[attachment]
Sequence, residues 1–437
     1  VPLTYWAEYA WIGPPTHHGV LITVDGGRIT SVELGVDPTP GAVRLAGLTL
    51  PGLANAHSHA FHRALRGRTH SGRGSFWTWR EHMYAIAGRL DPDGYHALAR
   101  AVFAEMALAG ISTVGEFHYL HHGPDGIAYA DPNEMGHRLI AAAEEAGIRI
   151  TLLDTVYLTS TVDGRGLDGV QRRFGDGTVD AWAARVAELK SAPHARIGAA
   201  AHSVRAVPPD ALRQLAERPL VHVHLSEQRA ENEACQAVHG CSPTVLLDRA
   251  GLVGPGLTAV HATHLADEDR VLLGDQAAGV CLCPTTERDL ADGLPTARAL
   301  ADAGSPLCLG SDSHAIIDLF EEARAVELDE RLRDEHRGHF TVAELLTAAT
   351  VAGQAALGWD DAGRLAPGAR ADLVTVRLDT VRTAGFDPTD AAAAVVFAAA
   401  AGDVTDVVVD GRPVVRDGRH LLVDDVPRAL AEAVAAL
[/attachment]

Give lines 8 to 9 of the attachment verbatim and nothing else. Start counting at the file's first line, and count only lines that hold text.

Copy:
   301  ADAGSPLCLG SDSHAIIDLF EEARAVELDE RLRDEHRGHF TVAELLTAAT
   351  VAGQAALGWD DAGRLAPGAR ADLVTVRLDT VRTAGFDPTD AAAAVVFAAA